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HomeAcademic staffDr Michael Berthaume
Dr Michael Berthaume

Dr Michael Berthaume

berthaum@lsbu.ac.uk

Mechanical Engineering and Design

https://orcid.org/0000-0003-1298-242X

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I am a Senior Lecturer and Deputy Head of Division in the Division of Mechanical Engineering and Design, School of Engineering. I also serve as treasurer to LSBU's LGBTQ+ organisation (SoNet), and sit on the School's Equality, Diversity, and Inclusion (EDI) committee. I originally studied mechanical engineering and (biological) anthropology at the University of Massachusetts, Amherst before moving to Europe and completing postdoctoral researcher positions in both bioengineering and anthropology. These positions were at the University of Hull, the Max Planck Institute of Evolutionary Anthropology, Durham University, and Imperial College London. In September 2019, I joined LSBU.

Transdisciplinary research is the future, providing a holistic view of problems and challenges, enabling them to be addressed and solved in new, novel manners. My career goal is to establish the independent, transdisciplinary field of anthroengineering. Anthroengineering is an approach that uses theories, methods and/or data from both anthropology and engineering to address questions within and beyond both disciplines (https://doi.org/10.1098/rsfs.2020.0056).

I use anthroengineering in three ways:

1. Primate evolutionary biomechanics: Here, I investigate how biomechanical forces affected primate and human evolution. I am most interested in how diet and masticatory forces have affected Plio-Pleistocene hominin evolution. I used statistical shape analyses (e.g., geometric morphometrics, dental topography) and biomechanical models (e.g., finite element analysis (FEA) of biological systems)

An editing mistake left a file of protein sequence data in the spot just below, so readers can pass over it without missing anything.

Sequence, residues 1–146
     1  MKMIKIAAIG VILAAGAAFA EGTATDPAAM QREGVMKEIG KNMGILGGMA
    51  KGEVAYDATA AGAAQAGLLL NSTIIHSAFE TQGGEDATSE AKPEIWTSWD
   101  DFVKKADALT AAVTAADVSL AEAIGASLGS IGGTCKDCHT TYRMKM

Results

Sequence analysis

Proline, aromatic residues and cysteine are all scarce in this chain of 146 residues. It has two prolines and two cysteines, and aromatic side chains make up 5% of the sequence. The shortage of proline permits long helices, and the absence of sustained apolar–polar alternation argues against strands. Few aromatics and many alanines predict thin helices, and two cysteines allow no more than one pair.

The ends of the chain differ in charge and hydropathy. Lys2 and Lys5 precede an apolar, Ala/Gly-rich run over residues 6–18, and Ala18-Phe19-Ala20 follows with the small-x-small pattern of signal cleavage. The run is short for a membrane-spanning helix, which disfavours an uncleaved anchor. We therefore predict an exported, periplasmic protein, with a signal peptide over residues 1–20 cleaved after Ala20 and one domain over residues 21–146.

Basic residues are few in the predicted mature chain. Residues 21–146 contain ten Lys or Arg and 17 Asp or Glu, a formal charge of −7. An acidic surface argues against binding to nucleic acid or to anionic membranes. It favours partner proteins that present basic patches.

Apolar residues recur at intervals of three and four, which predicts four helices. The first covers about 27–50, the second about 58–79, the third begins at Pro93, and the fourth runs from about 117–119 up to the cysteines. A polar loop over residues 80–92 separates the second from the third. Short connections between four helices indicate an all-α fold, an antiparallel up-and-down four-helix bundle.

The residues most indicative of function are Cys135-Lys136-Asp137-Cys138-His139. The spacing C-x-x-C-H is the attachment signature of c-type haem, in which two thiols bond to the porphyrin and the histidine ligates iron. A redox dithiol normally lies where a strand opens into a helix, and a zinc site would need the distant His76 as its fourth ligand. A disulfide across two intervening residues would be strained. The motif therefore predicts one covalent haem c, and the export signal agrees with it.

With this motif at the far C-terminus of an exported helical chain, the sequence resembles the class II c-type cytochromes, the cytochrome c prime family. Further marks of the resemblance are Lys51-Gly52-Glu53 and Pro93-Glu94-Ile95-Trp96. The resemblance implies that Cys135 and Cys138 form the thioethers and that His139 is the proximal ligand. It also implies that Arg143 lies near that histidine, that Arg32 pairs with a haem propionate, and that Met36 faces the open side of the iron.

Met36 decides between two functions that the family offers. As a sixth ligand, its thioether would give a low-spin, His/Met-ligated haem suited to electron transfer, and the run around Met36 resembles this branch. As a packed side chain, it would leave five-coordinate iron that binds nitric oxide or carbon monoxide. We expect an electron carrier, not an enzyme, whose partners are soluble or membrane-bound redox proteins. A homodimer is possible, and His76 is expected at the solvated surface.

2. Human biological variation: Humans come in various shapes and sizes, and this has biomechanical consequences. I am particularly interested in the role of sesamoid bones, especially the fabella, in human movement, and how factors like nutrition affect masticatory biomechanical performance. I have recently started an EPSRC funded project with a team of psychiatrists and physiotherapists investigating the masticatory biomechanics of individuals with eating disorders with the aim of helping them rebuild their atrophied chewing muscles.

3. Prosthetics in low-and middle-income countries (LMICs): I work primarily with war victims and diabetic amputees in Sri Lanka, focusing focus on the design and creation of prosthetics which fulfill end-user needs, using methods like ethnography, surveys, structured interviews, and database analyses.

I am a fellow of the Royal Anthropological Institute (RAI) and member of the Exceed Research Network (ERN).

Courses taught

Mechanical Engineering - MEng / BEng (Hons)

Anthroengineering - MSc

Postgraduate Research Supervision
Current
Miss Nelly Alejandra Fragoso VargasFabella evolution and biomechanicsPhD
Miss Gemma Ann RansonAnalysis of Amputee Needs in Northern Sri LankaPhD
Mr Matthew John MorleyMechanics of food breakdown in herbivorous animals and relation to dental morphologyPhD
PGCHE

University of Falmouth, UK

2020
2020
PhD, mechanical engineering

University of Massachusetts, Amherst, USA

2010
2013
MA, anthropology

University of Massachusetts, Amherst, USA

2011
2014
BSc, mechanical engineering

University of Massachusetts, Amherst, USA

2006
2010
PDRA
Department of Engineering, University of Hull

Constructed a finite element model of Legg-Calve-Perthes’ disease

Published a review on the biomechanics of Legg-Calve-Perthes’ disease

2013
2015
Education
PDRA
Max Planck Weizmann Center for Integrative Archaeology and Anthropology, Max Planck Institute for Evolutionary Anthropology

Performed shape and biomechanical analyses of fossil hominin molars

Created a methodology for linking geometric morphometrics and finite element analysis, used method to investigate cranial sexual dimorphism in Pongo

2015
2017
Education
PDRA
Department of Anthropology, Durham University

Established the Anthroengineering Network

Helped develop and write Leverhulme and NERC grants

2017
2019
Education
PDRA
Department of Bioengineering, Imperial College London

Designed an external fixator for low- to middle-income countries

Investigated the biomechanics of the fabella and variation in prevalence rates

2018
2019
Education
FunderYear wonProjectRole
British Council 2022Meeting the Challenges of Providing Therapeutic Footwear for People with Diabetes MellitusPrincipal Investigator
Engineering and Physical Sciences Research Council (EPSRC)2022Guiding treatment for individuals with eating disorders and dementia using masticatory efficiencyPrincipal Investigator